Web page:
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GLOB(7)                    Linux Programmer's Manual                   GLOB(7)

       glob - Globbing pathnames

       Long ago, in Unix V6, there was a program /etc/glob that would expand wildcard pat-
       terns.  Soon afterwards this became a shell built-in.

       These days there is also a library routine glob(3) that will perform this  function
       for a user program.

       The rules are as follows (POSIX.2, 3.13).

   Wildcard Matching
       A  string  is  a  wildcard pattern if it contains one of the characters '?', '*' or
       '['.  Globbing is the operation that expands a wildcard pattern into  the  list  of
       pathnames matching the pattern.  Matching is defined by:

       A '?' (not between brackets) matches any single character.

       A '*' (not between brackets) matches any string, including the empty string.

       Character classes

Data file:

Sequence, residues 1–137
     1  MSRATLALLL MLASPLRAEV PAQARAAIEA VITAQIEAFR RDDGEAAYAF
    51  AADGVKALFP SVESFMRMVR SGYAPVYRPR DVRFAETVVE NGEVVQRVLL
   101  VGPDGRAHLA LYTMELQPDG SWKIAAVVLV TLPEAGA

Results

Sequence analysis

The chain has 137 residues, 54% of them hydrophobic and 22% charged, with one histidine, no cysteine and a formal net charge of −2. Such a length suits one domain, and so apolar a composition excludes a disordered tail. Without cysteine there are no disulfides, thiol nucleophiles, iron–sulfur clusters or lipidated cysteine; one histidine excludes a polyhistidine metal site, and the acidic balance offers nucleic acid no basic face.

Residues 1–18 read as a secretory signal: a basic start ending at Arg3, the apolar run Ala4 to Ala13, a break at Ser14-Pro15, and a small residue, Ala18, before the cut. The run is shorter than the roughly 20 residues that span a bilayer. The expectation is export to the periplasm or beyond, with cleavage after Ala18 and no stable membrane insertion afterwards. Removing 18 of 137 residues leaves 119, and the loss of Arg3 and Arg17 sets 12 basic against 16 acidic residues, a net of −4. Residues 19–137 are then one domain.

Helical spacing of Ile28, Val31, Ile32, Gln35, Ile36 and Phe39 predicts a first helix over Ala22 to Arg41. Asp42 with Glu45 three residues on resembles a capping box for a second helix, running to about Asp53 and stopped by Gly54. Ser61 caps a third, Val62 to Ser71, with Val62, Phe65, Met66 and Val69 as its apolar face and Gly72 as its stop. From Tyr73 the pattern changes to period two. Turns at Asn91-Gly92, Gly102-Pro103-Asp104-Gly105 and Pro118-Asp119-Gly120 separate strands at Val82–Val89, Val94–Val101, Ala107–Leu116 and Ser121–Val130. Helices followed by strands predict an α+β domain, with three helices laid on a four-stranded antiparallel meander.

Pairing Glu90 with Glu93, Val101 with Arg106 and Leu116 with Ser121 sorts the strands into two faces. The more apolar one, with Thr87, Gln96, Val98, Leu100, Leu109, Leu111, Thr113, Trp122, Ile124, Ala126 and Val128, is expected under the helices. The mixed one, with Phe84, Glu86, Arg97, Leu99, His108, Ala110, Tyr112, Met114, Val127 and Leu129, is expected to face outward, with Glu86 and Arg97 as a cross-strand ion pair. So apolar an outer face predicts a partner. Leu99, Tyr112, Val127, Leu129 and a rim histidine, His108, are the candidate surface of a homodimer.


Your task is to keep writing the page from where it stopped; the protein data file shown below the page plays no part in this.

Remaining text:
An expression "[...]" where the first character after the leading '[' is not an '!'
       matches a single character, namely any of the characters enclosed by the  brackets.
       The  string  enclosed by the brackets cannot be empty; therefore ']' can be allowed
       between the brackets, provided that it is  the  first  character.   (Thus,  "[][!]"
       matches the three characters '[', ']' and '!'.)


       There  is  one  special convention: two characters separated by '-' denote a range.
       (Thus, "[A-Fa-f0-9]" is equivalent to "[ABCDEFabcdef0123456789]".)  One may include
       '-'  in  its  literal  meaning by making it the first or last character between the
       brackets.  (Thus, "[]-]" matches just the two characters ']' and '-',  and  "[--0]"